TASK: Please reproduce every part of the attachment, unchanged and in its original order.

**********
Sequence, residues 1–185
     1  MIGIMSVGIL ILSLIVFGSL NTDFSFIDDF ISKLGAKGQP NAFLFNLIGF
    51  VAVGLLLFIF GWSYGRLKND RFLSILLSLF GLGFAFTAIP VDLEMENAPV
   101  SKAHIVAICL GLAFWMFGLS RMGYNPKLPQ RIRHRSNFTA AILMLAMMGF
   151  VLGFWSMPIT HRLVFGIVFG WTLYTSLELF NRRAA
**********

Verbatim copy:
Sequence, residues 1–185
     1  MIGIMSVGIL ILSLIVFGSL NTDFSFIDDF ISKLGAKGQP NAFLFNLIGF
    51  VAVGLLLFIF GWSYGRLKND RFLSILLSLF GLGFAFTAIP VDLEMENAPV
   101  SKAHIVAICL GLAFWMFGLS RMGYNPKLPQ RIRHRSNFTA AILMLAMMGF
   151  VLGFWSMPIT HRLVFGIVFG WTLYTSLELF NRRAA